What is GERD?
GERD is an acronym for Gastroesophageal Reflux Disease and occurs when stomach acid is pushed up into the esophagus, irritating its lining. This is basically the same thing as acid reflux, except it’s called GERD when it occurs at least twice a week. GERD can be so severe that it must be treated and managed with medications (both prescription and over the counter), or it can be so mild that it can be managed with lifestyle changes.
Symptoms of GERD include:
- Regurgitation of food or stomach acid
- Difficulty swallowing
- Heartburn after eating and/or at night
- Chronic cough
- New or worsening asthma
One of the lifestyle changes associated with managing GERD is a diet change. Certain foods are known to induce acid reflux and heartburn, but there are also foods that help prevent this.
The GERD Diet
Research has shown that consuming the following foods can help manage symptoms of GERD and even prevent acid reflux and heartburn in the future.
The more acidic a food is, the more likely it is to irritate the esophagus and the stomach, further aggravating GERD symptoms. Opposite of acid the pH scale is alkaline, and foods with high alkalinity can help combat strong acids. Bananas, cauliflower, and melons are all high in alkaline.
Eating too much and too fast is another culprit of GERD symptoms. Foods high in fiber make you feel full quicker and longer, helping you to avoid overeating. Add oatmeal, brown rice, and other whole grains to your diet, as well as root vegetables (carrots and sweet potatoes), and both cruciferous and leafy greens.
Drinking plenty of water can also help relieve symptoms of GERD, but many people find it difficult to drink enough water throughout the day. Luckily there are foods that you can consume that have high water content. These include celery, cucumbers, lettuce, and watermelon. You can also drink herbal tea (especially ginger tea) to help combat these symptoms.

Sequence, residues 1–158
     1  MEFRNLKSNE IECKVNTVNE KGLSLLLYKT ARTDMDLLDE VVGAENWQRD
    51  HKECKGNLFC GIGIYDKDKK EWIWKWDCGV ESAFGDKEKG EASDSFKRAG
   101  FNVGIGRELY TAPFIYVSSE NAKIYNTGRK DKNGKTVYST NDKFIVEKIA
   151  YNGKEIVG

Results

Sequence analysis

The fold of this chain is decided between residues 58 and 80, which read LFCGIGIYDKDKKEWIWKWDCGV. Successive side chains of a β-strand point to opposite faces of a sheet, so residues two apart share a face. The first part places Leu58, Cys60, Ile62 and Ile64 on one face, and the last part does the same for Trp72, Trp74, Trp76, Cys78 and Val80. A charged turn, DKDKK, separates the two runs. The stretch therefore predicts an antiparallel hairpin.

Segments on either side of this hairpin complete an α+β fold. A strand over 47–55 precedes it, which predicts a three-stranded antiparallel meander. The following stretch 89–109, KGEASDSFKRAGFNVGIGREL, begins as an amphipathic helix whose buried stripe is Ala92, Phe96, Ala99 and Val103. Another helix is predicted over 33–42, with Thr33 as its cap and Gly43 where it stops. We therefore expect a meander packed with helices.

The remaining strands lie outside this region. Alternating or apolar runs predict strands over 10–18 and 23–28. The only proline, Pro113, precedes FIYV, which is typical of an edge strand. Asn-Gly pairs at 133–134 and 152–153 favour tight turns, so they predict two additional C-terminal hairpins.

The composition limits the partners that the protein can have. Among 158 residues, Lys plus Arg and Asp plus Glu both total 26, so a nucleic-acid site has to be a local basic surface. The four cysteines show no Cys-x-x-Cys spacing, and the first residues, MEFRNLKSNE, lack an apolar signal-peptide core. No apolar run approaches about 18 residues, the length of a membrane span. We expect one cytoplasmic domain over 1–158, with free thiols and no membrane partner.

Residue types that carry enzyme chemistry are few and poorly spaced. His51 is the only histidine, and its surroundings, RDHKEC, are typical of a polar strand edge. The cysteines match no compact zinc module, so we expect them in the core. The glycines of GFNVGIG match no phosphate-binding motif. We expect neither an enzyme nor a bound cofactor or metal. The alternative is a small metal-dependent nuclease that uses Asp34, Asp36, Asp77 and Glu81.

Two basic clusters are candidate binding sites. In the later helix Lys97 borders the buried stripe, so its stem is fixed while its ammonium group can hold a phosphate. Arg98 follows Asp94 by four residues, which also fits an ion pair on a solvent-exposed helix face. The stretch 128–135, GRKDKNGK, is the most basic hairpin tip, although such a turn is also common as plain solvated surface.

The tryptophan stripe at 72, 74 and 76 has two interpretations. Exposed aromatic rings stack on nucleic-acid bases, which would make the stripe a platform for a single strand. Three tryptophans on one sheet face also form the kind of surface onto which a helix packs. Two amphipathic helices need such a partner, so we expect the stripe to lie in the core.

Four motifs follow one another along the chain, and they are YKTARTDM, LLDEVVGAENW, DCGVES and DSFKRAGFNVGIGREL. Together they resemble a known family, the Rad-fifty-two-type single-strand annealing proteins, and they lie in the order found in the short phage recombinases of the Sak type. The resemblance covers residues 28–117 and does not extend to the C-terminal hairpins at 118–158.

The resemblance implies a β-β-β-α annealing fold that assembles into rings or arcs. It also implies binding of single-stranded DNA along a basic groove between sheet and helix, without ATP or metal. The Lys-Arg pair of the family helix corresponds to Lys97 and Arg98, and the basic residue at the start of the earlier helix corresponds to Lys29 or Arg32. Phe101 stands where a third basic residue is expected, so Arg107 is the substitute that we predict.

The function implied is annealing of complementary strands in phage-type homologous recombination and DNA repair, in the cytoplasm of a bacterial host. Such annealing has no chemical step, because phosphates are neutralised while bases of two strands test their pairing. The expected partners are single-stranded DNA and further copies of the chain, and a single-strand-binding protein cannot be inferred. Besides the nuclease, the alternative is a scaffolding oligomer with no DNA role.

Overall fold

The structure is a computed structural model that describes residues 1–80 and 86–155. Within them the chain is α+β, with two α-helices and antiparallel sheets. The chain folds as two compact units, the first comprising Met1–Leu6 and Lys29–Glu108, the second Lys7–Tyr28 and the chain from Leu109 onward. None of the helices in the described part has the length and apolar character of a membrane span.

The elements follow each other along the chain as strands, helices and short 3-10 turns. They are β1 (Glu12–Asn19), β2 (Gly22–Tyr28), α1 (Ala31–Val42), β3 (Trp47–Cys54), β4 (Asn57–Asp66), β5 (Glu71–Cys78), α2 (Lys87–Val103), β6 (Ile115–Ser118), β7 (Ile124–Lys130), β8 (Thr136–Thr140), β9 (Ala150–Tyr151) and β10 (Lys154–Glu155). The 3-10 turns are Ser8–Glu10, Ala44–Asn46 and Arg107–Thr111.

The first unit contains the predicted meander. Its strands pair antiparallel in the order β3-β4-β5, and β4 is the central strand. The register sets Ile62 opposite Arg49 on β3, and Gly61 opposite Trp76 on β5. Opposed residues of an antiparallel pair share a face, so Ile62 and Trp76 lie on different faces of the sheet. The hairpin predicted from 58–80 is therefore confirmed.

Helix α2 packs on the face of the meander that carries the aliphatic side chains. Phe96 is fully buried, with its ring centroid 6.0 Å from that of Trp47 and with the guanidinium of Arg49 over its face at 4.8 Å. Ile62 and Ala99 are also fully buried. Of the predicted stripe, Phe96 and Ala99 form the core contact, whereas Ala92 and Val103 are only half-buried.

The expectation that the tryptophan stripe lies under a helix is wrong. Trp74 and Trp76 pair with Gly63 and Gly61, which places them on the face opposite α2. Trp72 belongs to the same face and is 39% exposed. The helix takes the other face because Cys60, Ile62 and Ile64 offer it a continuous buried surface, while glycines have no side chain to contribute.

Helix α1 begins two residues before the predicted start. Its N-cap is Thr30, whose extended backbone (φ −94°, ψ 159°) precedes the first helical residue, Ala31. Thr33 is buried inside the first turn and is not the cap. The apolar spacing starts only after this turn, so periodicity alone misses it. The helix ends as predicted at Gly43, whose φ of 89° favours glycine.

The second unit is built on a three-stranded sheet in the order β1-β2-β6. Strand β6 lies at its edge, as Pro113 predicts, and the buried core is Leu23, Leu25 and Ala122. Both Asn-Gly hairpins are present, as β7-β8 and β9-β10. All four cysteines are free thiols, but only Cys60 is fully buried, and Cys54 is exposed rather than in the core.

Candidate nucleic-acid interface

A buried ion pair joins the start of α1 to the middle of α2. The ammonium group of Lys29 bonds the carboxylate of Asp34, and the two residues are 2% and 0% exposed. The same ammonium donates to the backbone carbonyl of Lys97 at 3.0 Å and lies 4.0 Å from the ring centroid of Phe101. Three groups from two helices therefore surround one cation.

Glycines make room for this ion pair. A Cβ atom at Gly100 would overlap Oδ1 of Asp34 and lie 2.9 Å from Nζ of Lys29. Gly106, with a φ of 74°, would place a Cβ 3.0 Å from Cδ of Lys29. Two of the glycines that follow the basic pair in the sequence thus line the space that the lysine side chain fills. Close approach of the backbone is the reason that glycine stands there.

Foods/Drinks to Avoid with GERD
Another cause of GERD is a relaxed esophageal sphincter, which doesn’t close all of the ways after letting food pass into the stomach, therefore allowing food and stomach acid to push back up into the esophagus. Generally, fried foods and fast food are the major contributors to a relaxed esophageal sphincter, but several other types of foods can cause this as well.
Caffeinated Foods and Drinks
The caffeine that’s found in many drinks and certain food is known to irritate GERD. So avoid or limit your intake of coffee, sodas, tea (both black and green), and chocolate. Fortunately, there are decaffeinated versions of coffee, soda, and tea.
Carbonated drinks can also make GERD worse. Avoid drinking too many sodas, carbonated water, and even the health drink Kombucha.
Citrus fruits and other foods have high levels of citric acid, and too much acid isn’t good if you have GERD. Avoid/limit lemons, limes, oranges, tangerines, grapefruit, and pomelos. It’s also a good idea to limit your intake of tomatoes and strawberries, though not citrus fruits, they contain high levels of citric acid.
Dairy products such as cheese, full-fat milk, and full-fat yogurt are also known to worsen GERD symptoms. Choose reduced-fat or nonfat versions of these dairy products to alleviate symptoms. Alcoholic beverages, garlic, onions, spicy foods, and minty foods should also be limited if you’re experiencing GERD.
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Why Diet Matters
As shown above, certain foods can further irritate GERD while others soothe the symptoms and even eliminate the problems in some cases. Many people believe that they can rely on antacids rather than change their diet, and while this is true, constant use of medication isn’t recommended, especially when a change in diet can be just as effective.
Antacids, such as Zantac, have been found to be unsafe along with other medications that contain the ingredient ranitidine. This particular ingredient has been linked to developing many forms of cancer, and you should contact a lawyer, such as Rosenfeld Injury Lawyers if you believe that your cancer was a result of taking Zantac.
Remember that symptoms associated with GERD could potentially be symptoms of something else, so talk to your doctor first. Always consult your doctor before taking any medications or starting a new diet plan. He or she will be able to decide which treatment option for GERD is best for you.